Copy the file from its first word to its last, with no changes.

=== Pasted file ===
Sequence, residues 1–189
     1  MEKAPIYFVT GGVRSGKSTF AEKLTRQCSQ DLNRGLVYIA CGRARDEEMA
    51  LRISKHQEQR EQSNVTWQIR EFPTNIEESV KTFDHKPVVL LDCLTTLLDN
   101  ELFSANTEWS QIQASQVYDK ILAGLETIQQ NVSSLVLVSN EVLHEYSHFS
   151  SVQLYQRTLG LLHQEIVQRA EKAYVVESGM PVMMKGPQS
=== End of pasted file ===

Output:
Sequence, residues 1–189
     1  MEKAPIYFVT GGVRSGKSTF AEKLTRQCSQ DLNRGLVYIA CGRARDEEMA
    51  LRISKHQEQR EQSNVTWQIR EFPTNIEESV KTFDHKPVVL LDCLTTLLDN
   101  ELFSANTEWS QIQASQVYDK ILAGLETIQQ NVSSLVLVSN EVLHEYSHFS
   151  SVQLYQRTLG LLHQEIVQRA EKAYVVESGM PVMMKGPQS